Portland Starbucks Age Discrimination Suit

The Press Herald reports on the progress of a woman’s claim that she was denied a job at Starbucks because of her age.  The article indicates that she has presented data that Starbucks hires younger applicants at a higher rate than those over 35.

In this type of lawsuit, the plaintiff needs to present a ‘prima facie’ case that there has been discrimination.  The data of disproportionate hiring can be used to show that.  Starbucks will have the burden of proving that they truly did not hire her for the reasons they stated, and not just based on her age.

The article notes that the judge found actions by the manager at the Hay Building Starbucks on Congress St. to be why he allowed the case to go forward.  As with any company, the wrong actions of one employee can cost you greatly.

If this does not settle, I hope to sit in on some of the trial.  Stay tuned!

Photo by Hint of Plum

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Bad lawyer or fall guy?

Kennebec Journal reports on a fine imposed on Fed Up With Taxes. Their lawyer is taking the blame.

The ethics commission on Monday fined Fed Up With Taxes $10,000 for failing to file two campaign finance reports on time.

The Maine Commission on Governmental Ethics and Election Practices voted 4-0 to impose the maximum fine on the political action committee.

Portland attorney William Dale, who was hired by Fed Up With Taxes to handle the campaign finance reports, told the commission he did all the filings himself.

He asked for a waiver of the fine.

“I have no excuse other than I forgot,” he said.

Deed issue dooms Portland pier plans

Months after the plans for the Maine State Pier in Portland were supposed to have been set, it has fallen through.  The problem is ownership of the ocean floor beneath the pier, and who actually owns it.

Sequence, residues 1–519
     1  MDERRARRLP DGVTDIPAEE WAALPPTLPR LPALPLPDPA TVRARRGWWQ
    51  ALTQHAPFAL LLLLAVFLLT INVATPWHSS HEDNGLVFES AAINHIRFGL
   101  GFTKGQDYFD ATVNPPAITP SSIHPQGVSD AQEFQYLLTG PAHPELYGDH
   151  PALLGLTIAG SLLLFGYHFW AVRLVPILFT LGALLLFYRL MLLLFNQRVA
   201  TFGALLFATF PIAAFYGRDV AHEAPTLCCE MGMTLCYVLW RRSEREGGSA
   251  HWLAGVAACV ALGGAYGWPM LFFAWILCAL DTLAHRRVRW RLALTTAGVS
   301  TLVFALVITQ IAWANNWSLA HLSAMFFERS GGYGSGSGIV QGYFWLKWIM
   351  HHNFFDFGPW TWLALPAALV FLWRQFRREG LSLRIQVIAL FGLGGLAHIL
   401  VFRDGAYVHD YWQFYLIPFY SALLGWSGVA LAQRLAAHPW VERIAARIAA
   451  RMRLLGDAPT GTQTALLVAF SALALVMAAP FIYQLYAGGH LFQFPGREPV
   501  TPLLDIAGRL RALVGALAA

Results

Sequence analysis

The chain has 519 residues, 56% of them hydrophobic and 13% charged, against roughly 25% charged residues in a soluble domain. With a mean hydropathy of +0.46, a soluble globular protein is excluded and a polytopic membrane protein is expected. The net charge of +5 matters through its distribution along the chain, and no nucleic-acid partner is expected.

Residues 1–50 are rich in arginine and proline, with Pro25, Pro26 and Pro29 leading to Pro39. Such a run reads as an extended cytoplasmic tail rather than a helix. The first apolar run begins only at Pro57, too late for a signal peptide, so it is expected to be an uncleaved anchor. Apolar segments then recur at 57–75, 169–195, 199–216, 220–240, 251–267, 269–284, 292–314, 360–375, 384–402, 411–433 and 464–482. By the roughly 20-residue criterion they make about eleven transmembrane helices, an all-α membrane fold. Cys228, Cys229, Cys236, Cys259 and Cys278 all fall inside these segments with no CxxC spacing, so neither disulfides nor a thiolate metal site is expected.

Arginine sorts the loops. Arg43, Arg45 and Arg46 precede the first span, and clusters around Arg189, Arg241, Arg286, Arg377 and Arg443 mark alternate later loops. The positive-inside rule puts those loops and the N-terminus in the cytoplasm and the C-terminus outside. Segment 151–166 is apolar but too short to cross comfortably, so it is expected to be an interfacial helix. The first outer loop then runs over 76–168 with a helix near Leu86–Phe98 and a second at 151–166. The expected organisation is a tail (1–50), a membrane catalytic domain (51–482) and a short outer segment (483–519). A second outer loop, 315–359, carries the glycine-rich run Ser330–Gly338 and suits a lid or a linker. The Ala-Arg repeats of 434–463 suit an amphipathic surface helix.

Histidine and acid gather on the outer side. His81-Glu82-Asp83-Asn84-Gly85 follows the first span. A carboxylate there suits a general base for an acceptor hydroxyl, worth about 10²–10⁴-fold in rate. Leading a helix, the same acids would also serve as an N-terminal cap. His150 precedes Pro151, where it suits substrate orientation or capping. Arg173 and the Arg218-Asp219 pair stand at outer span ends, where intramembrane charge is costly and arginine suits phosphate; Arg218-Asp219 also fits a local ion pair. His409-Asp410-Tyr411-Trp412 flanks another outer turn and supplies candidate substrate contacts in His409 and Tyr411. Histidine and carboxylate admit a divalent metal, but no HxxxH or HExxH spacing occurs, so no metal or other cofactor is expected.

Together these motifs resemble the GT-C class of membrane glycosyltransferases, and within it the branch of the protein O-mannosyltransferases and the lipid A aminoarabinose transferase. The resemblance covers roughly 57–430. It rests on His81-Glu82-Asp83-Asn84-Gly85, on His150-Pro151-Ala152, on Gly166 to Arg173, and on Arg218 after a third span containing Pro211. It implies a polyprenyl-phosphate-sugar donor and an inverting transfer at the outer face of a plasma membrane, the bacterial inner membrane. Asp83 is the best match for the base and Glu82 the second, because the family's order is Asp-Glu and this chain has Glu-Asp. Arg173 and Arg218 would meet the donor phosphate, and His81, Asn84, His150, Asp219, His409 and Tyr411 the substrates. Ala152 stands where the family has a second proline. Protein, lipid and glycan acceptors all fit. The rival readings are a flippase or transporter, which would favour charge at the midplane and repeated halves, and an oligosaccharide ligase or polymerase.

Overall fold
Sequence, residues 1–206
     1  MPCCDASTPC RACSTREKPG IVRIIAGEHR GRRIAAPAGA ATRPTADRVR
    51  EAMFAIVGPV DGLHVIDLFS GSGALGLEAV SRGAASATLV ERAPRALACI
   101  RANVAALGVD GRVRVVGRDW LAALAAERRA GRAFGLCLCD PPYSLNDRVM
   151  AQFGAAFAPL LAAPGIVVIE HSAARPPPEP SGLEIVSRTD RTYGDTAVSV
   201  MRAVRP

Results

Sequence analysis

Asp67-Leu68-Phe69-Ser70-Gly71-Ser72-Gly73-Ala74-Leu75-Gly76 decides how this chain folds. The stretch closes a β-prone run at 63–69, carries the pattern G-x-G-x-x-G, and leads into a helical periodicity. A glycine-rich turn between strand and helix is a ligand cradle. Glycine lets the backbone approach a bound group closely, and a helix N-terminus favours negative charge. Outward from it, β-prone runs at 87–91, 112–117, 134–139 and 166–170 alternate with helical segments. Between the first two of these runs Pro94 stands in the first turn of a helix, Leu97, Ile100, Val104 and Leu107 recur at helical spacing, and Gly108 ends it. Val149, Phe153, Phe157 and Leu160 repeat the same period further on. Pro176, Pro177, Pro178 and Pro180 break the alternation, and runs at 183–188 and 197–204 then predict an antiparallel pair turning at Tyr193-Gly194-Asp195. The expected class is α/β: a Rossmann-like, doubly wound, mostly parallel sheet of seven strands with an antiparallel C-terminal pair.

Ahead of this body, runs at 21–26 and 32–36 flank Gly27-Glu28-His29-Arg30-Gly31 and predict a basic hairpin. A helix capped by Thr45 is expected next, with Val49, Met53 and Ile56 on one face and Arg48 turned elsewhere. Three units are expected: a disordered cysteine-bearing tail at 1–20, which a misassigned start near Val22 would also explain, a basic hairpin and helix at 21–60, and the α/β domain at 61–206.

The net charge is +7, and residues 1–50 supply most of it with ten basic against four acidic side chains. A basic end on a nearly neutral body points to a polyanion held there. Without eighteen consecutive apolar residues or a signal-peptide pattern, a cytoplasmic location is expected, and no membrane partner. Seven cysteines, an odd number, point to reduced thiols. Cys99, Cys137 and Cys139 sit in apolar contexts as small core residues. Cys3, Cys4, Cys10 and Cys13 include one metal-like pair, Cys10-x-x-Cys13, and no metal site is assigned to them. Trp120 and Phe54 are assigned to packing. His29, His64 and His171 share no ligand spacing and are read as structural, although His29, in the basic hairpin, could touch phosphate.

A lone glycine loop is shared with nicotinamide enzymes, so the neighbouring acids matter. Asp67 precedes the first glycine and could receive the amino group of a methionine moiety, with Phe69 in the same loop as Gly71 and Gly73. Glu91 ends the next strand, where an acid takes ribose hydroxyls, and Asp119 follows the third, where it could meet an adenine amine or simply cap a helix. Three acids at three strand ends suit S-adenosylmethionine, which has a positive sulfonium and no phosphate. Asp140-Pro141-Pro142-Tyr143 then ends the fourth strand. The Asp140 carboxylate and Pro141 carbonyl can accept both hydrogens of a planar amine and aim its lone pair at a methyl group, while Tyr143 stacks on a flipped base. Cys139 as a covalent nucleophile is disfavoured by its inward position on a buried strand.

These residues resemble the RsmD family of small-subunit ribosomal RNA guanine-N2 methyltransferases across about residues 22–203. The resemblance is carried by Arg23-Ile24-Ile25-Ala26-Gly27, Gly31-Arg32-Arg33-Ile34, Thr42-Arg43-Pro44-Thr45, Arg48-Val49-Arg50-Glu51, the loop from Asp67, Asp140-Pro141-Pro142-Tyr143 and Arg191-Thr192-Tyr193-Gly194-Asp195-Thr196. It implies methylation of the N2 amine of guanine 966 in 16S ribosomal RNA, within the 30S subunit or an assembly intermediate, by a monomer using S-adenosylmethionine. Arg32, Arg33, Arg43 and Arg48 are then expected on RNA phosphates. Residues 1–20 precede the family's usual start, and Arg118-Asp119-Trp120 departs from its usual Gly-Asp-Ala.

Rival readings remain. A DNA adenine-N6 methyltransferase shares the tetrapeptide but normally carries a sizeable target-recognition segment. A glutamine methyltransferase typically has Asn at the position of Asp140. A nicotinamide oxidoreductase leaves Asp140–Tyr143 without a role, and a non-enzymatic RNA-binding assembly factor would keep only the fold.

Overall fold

City officials and a spokesman for the developer confirmed Wednesday night that negotiations broke down after the state asserted its rights to ownership of the sea floor beneath the pier.

The city has consistently maintained that it owns the ocean floor beneath the pier, based on a deed it was granted by the Maine Department of Transportation in the 1980s for a Bath Iron Works project in Portland.

In a letter dated Oct. 14, Maine Attorney General Steven Rowe said, “After reviewing the history of the Bath Iron Works project in Portland, we do not believe the facts support a stipulation that the city has clear and complete title to these submerged lands.”

Press Herald

Transmission line upgrade hearing

Portland Press Herald:

“Hearings to allow public comment on a $1.4 billion proposal to upgrade much of the state’s electrical-transmission infrastructure will begin Wednesday with a session in Waterville.The Maine Public Utilities Commission has scheduled two public hearings to allow residents to offer their opinions on a Central Maine Power Co. proposal to add 350 miles of high-voltage transmission lines.

A PUC spokesman said the agency will plan additional public sessions after November.

The proposed 345,000-volt transmission lines would stretch from the southern end of the state through 80 municipalities in the Portland, Augusta and Pittsfield areas. The lines would end near Bangor.

The Waterville public-comment session will take place at 6 p.m. Wednesday at Waterville City Hall. Lewiston City Hall will host a session at 6 p.m. on Nov. 24.”